ne pioneer of two-handed tapping is Dave Bunker. On his website, which can be found at http://www.bunker-guitars.com, he describes how two-handed tapping began. Since he was there, and saw it with his own eyes, this is probably the most accurate report we have.
Here’s what he says:
“Lots of controversy exists over who did what and when on the Touch Method of play. Well, here it is. And this is right:
“Actually Merle Travis was one of the first artists to play using two hands [tapping] on the fingerboard. The first artist to really bring it out and do something with it was Jimmy Webster, who wrote the first Touch System method book for a single neck type electric guitar played with two hand tapping.
“I was the first to build and patent [a specialty tapping instrument] that you could tap on two necks, and also wrote and copyrighted the first double neck method book.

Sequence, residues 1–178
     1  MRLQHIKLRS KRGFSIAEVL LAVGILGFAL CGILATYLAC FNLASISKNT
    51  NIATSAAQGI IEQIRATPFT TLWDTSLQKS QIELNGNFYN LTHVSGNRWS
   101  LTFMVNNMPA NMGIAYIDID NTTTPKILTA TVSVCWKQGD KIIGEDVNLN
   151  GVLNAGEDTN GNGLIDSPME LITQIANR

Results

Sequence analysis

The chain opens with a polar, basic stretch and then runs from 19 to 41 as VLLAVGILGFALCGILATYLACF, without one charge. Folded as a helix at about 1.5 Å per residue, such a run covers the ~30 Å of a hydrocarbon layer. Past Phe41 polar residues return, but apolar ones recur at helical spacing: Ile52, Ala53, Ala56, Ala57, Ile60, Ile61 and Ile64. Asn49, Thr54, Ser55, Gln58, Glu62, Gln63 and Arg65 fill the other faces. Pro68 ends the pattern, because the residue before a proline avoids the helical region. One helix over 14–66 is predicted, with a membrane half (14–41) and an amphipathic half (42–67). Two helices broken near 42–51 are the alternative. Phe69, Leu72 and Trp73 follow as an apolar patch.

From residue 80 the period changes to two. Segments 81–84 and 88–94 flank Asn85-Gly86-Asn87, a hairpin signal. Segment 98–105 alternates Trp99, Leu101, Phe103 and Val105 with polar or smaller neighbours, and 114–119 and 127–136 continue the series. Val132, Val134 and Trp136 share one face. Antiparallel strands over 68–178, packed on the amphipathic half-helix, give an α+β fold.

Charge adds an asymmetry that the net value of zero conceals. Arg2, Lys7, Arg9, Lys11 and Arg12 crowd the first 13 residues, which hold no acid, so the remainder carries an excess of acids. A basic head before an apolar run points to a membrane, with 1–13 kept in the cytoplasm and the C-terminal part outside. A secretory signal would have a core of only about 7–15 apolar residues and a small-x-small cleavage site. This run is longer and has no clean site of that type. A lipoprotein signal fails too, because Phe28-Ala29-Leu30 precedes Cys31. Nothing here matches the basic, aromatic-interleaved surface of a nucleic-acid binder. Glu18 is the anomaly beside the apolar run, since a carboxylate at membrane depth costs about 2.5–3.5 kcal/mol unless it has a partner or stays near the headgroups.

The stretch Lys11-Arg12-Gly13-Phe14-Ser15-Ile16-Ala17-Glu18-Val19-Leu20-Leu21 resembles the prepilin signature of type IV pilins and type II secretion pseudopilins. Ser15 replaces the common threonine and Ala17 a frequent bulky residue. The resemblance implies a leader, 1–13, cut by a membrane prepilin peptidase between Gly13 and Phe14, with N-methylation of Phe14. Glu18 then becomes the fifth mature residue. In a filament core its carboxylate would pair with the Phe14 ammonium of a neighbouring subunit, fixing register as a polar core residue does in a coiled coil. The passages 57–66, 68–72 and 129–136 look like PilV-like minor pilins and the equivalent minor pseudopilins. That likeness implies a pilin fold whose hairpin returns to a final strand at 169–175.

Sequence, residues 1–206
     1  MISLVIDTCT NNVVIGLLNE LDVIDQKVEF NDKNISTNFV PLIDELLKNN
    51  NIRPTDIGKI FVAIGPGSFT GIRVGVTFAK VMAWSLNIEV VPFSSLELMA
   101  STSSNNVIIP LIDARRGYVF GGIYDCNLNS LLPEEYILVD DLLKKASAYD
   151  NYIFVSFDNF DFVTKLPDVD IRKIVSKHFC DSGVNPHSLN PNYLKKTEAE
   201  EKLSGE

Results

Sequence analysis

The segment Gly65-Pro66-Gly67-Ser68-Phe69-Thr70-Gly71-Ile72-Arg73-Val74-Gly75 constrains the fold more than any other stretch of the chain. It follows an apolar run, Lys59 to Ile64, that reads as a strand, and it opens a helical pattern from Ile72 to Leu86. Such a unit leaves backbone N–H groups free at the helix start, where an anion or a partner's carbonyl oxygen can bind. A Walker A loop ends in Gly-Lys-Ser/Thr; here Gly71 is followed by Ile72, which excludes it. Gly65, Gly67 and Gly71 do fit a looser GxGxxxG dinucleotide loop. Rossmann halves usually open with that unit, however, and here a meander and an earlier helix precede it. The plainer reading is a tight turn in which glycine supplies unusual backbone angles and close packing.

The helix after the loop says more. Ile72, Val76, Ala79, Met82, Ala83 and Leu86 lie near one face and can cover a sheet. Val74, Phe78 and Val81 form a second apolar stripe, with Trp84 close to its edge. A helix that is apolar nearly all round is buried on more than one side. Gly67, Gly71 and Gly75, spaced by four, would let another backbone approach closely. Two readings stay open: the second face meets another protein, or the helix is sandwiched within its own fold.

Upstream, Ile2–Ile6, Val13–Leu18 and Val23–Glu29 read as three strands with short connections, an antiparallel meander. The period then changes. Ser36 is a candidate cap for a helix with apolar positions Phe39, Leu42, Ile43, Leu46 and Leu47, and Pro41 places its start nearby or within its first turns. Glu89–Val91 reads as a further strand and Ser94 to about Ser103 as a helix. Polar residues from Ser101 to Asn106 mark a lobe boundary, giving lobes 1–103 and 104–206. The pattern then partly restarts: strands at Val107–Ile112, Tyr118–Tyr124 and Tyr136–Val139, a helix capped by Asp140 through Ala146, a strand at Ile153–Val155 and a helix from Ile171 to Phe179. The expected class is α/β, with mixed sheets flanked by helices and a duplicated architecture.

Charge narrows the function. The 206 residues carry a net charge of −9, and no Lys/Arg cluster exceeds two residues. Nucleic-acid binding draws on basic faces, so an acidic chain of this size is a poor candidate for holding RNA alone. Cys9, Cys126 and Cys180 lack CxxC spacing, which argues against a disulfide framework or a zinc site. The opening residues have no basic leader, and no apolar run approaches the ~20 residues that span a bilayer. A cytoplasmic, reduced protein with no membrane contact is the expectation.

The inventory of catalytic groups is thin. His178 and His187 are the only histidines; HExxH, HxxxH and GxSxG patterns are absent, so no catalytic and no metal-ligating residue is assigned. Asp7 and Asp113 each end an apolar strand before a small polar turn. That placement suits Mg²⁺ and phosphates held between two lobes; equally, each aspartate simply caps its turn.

“One of the earlier great contributors has been Emmet Chapman and the StickÂ® design, which is probably the best known of the touch type instruments. Some great artists followed such as Eddie Van Halen and Stanley Jordan.”
There you have it, straight from the source. Perhaps this will clear up some misunderstandings about the origin of touch-style and two-handed tapping! And now let’s visit these pioneers of touch-style —
According to the website of the Nashville Songwriter’s Hall of Fame, which can be found at http://songs.org/~nsf/frame-hof.html, Merle Travis (1917-1983) is generally credited with designing the first solid-body electric guitar (electric Fender). He brought a banjo-style fingerpicking to guitar, using thumb to play accompaniment while the forefinger plays the melody on the higher-pitched strings. Seven gold records and 12 BMI awards for top songs, including “Sixteen Tons” and “Smoke, Smoke, Smoke that Cigarette!”
According to Dave Bunker, Travis was the first to employ two-handed tapping on guitar.